Once upon a time, there was a trigonometrist who lived next to a monastery. Most of his days were spent reading books on triangles, drawing and dissecting them, or looking at shadows, trees, and the great hemisphere of the blue sky. Now and then, however, he had to put aside his work and be the local barber. It was not his trade, but he was the only person for miles in any direction who could wield a blade. The trigonometrist performed these duties without complaining, but was always happy to return to staring at the clouds or gazing at diagrams on the bone-pale pages of a codex. One day, a woman full of life with copper hair and a heavy bosom came to him in tears, begging for help. She needed his services for time was running out. The trigonometrist calmly put away his codex, and got his bowl, scissors, a blade, a carafe of water, some cloth, cream, and balm. As the scissors clicked, he spoke of the angles made by their twin blades, the circumference of the earth, and the beauty of rain. The sound of his voice and the snipping lulled the woman into a dream of black clouds racing over fields of lavender and grain. She slept and never noticed the cool gestures of the blade against her skull. A strange electricity flowed through her body and she could see herself as a child walking with a parasol, her smoking pyre on the night of her distant death, and the intricate folds of the barber’s brain matter, cerebral folds like the lonesome roads of a distant planet, winding and whispering into infinity as he read the fates of triangles and shaped the head of an unknown woman. After the last stroke, when his strong fingers were washing her head, applying balm and massaging her skull, she awoke to the horror of what he had done. The woman wept. She had only wanted a trim to prepare for her wedding, but now that she looked like a runaway slave, she was damned to be cast off as a whore. The trigonometrist felt sad, and apologized. Nobody had ever come for such a thing, he murmured as he stared in the direction of the monastery. She asked him how such an idiot could be a barber. I am not a barber, he calmly explained; I am a trigonometrist. They only started coming to me because I was always clean shaven and possessed the only blades in the area. It was now evening. The woman got up, lit some lamps and a fire in his stove, and began to brew him some tea and bake bread.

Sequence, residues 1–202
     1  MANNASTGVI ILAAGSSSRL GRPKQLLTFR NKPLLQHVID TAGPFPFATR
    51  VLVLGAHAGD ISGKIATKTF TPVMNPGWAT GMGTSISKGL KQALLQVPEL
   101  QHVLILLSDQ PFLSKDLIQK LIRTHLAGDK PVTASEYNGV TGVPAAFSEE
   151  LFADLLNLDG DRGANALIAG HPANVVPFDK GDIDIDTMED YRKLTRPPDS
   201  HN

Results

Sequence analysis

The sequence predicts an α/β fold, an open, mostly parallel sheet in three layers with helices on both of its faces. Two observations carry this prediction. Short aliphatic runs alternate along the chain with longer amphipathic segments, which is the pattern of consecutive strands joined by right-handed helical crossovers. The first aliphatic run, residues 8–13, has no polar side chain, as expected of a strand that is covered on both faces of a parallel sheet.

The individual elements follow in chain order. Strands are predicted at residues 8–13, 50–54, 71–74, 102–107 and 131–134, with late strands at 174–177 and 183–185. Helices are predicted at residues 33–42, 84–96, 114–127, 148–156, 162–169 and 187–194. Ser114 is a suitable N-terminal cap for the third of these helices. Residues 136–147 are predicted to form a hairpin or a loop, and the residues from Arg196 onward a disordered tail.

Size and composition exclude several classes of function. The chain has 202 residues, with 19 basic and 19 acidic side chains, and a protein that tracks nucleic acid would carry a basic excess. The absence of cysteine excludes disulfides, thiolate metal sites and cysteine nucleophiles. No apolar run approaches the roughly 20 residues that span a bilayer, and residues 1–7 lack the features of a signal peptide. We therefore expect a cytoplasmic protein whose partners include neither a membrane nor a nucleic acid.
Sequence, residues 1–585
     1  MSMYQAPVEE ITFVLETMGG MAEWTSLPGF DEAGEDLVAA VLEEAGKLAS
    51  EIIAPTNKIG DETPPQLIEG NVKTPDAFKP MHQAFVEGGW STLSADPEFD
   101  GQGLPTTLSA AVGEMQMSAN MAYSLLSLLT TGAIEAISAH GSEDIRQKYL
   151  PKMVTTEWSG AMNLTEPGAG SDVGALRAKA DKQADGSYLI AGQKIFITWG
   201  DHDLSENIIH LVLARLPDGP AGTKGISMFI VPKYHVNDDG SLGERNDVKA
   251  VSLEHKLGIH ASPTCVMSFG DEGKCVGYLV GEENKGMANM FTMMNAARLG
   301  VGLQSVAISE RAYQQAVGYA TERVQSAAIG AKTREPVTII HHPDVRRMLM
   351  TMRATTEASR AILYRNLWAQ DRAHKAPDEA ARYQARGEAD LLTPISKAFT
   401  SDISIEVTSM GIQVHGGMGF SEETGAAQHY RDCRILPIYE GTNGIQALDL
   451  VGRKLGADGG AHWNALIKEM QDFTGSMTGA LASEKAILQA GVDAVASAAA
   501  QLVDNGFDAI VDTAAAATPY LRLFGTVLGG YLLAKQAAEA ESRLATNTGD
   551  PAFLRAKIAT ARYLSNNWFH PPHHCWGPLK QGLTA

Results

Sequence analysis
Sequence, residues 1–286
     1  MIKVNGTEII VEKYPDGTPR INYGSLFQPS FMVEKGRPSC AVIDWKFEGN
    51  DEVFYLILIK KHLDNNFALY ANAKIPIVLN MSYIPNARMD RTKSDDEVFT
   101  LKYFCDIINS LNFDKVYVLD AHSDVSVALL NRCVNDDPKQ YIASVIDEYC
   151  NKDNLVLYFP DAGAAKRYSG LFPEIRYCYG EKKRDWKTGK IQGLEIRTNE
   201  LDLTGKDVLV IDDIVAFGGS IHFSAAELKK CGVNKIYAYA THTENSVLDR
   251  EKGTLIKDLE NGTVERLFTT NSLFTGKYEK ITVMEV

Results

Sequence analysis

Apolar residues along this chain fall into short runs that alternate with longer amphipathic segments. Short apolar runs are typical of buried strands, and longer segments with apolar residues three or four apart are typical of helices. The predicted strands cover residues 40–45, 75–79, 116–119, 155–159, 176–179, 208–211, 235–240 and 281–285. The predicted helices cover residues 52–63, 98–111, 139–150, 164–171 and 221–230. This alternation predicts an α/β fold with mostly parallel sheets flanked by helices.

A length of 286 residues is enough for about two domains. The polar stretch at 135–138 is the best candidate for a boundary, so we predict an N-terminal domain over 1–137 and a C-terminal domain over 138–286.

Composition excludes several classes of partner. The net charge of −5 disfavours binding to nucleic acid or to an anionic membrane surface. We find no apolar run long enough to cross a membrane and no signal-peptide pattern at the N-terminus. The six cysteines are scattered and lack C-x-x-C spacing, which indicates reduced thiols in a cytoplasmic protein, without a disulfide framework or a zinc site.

The Carpenter 

It is time for you to return, said the gendarmes to the carpenter, to return to where you belong. Return where? the carpenter asked. I have lived here all of my life in the open blue sky, in the shadows of the ironwoods, among the brassy blades of switchgrass. Return to your people, said the gendarmes. The carpenter began to saw some wood, shedding sawdust on the dry earth. One of my grandfathers is from the north,another from the east; one of my grandmothers hails from the south, and the other comes from the west, the carpenter explained softly. A man cannot be in four places at once. The gendarmes thought for a moment. When he had finished sawing the piece of wood, they set to work sawing him. One limb to send north, one for the east, one for the south and one for the west. They burned the head and torso, to send whatever remained to heaven and hell. 

The Postage Stamps 

Once upon a time there was a young postman who loved walking all of the many roads in the old capital and its outskirts, delivering letters and small parcels, stopping to drink tea in the warm afternoon grass, admiring the golden pears dangling over the edges of cinder block walls, walking in deep trances as he thought of the lips of a woman he had kissed in a riverside bar, pressing his uniform late at night as the iron hissed and steamed. Then he fell ill, and quit his job, and fell into a deep depression. Even after he got well, he did not return to work. A large inheritance made it unnecessary. The man hid himself in his ramshackle home by the train tracks, and began to collect stamps. What a remarkable thing a stamp was! There were so many worlds of beauty in those squares and rectangles of paper smaller than the average chewing gum wrapper. In his small, dark, wooden house, he smoked, drank tea, and looked over his collection, arranging, rearranging, and occasionally framing unusual or especially beautiful stamps. There were series of old castles, renowned night views of cities, tributes to historical figures, calligraphic characters in seal script, famous portraits of women in kimonos from colorful, old woodblock prints, and even a few movie stars. He especially loved stamps depicting cats. Surrounded by such pictures, he felt he lived a rich life, even with his otherwise spartan, monastic existence. He only went out to purchase necessities, or to buy and sell stamps or acquire books of stamp lore. He only traveled if he had a stamp market to visit or needed to meet another collector. One day, he ran out of cigarettes and went out to go to the store. As he was walking, he passed a glazier and saw his reflection in a sheet of glass being handled by the shopkeepers. The face in the glass spoke of twenty lost years. Disturbed, he walked on. Ona bridge overlooking a river and its willows, he saw a beautiful woman in a pale blue dress with white polka dots holding a stoic, white cat. Close to the tobacconist, he watched a worker soldering pieces of metal at the entrance to a small factory. The tobacconist was lazily reading a magazine devoted to calligraphy as he counted out the change. All around him the old capital came alive at dusk with the incandescence of streetcars, cafes, motorists, shops, temples, and castles. A red postal truck drove by, and his heart sank. Throughout his walk, he saw the greater world that his personal mosaic of stamps only partially reflected. He wanted to work in a factory, ride trams, drink coffee with a beautiful woman, stroke a cat’s fur, practice calligraphy, have some children, and travel to the distant cities of the night. When he got home, he remembered a name or two from the past. Lighting a cigarette, the man began to write a letter by lamplight.